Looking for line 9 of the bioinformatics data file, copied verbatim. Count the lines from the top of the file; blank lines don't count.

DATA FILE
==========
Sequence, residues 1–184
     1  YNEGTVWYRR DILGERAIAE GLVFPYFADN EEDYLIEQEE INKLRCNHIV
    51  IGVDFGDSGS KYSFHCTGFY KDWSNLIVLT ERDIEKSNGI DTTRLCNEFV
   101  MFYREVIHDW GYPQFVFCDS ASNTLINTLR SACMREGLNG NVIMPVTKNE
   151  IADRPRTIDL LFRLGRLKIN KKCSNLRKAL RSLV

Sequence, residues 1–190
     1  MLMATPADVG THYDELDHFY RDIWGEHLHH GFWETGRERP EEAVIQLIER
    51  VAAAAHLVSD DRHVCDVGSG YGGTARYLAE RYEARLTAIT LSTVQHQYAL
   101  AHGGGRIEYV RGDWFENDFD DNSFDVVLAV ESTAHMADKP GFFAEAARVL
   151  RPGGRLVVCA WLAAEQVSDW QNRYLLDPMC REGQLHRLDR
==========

   101  AHGGGRIEYV RGDWFENDFD DNSFDVVLAV ESTAHMADKP GFFAEAARVL